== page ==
Thomas Sowell

But, in politics and in commentaries on political issues, people talk incessantly about how "the top one percent" of income earners are getting more money or how the "bottom 20 percent" are falling behind. Yet the turnover in income brackets over a decade is at least as great as the turnover in batting average brackets.

In the course of a decade, the top 400 income earners include a couple of thousand people. The income received by the top 400 (as a statistical bracket) has risen, both absolutely and as a share of all income, even while the average income of the average person who was in that bracket at a given time has fallen by large amounts. How can this be? The short answer is turnover.

Turnover in sports creates no such confusion.

If players A, B and C all have batting averages in the .320s this year and, put together, they hit 100 home runs, while players X, Y and Z all have batting averages in the .320s next year, and together they hit 120 home runs, we could say that .320s hitters were increasing the number of home runs they hit. But A, B and C could easily be hitting less than 100 home runs next year.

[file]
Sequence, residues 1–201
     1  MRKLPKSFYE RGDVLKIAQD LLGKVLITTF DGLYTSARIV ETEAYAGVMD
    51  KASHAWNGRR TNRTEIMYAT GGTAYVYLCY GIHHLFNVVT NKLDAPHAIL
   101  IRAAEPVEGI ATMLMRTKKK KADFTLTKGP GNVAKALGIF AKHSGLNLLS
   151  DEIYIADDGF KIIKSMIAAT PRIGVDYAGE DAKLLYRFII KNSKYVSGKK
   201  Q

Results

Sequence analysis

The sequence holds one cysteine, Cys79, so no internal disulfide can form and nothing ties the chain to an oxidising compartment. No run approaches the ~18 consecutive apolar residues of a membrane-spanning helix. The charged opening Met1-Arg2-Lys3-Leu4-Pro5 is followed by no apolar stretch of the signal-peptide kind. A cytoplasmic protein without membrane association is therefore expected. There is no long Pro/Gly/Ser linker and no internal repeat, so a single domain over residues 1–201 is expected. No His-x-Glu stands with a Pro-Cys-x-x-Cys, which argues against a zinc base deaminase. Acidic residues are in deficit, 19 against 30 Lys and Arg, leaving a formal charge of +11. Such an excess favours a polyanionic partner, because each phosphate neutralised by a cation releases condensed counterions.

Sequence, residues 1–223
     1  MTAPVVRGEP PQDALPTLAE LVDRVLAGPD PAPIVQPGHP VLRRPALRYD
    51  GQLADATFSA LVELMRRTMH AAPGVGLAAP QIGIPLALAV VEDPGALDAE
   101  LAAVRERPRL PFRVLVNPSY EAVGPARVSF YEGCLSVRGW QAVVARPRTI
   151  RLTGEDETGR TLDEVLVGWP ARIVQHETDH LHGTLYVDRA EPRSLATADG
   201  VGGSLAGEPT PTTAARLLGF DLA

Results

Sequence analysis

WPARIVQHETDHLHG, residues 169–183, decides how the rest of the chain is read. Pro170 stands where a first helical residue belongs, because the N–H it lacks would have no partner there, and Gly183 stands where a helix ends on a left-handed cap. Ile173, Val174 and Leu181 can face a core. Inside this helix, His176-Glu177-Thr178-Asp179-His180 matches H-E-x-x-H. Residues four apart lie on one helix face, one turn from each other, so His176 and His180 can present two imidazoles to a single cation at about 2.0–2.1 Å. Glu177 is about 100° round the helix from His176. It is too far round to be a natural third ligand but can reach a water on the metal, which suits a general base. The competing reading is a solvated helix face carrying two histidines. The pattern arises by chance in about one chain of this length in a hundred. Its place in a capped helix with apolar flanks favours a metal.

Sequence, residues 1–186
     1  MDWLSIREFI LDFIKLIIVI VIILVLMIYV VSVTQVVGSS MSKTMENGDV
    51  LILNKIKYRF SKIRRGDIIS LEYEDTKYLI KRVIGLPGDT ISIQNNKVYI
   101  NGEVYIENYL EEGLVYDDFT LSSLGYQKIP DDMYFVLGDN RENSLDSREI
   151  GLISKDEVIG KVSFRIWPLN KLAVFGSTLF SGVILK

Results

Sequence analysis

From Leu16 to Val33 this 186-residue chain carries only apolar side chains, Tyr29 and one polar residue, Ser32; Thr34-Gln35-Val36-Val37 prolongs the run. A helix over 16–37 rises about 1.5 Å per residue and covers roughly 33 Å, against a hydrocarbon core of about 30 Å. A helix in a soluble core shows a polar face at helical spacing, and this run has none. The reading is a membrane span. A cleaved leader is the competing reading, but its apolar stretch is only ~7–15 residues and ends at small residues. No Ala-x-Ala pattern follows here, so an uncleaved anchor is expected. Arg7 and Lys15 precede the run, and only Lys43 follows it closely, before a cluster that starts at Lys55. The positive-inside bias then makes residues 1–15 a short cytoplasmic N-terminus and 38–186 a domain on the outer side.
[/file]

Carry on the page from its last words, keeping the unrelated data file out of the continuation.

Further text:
It all depends on whether you are talking about what is happening in statistical brackets or what is happening to actual flesh-and-blood individuals who were in those brackets at one time but not another time. We understand that when we talk about sports statistics. But not when we talk about statistics on political issues like income differences.

Do our IQs just drop spontaneously when we turn to politics? Or are there many people in politics and the media with vested interests in misstating issues, and lots of experience in doing so? I think it is the latter, especially during an election year.


Thomas Sowell

Thomas Sowell is a senior fellow at the Hoover Institute and author of The Housing Boom and Bust.

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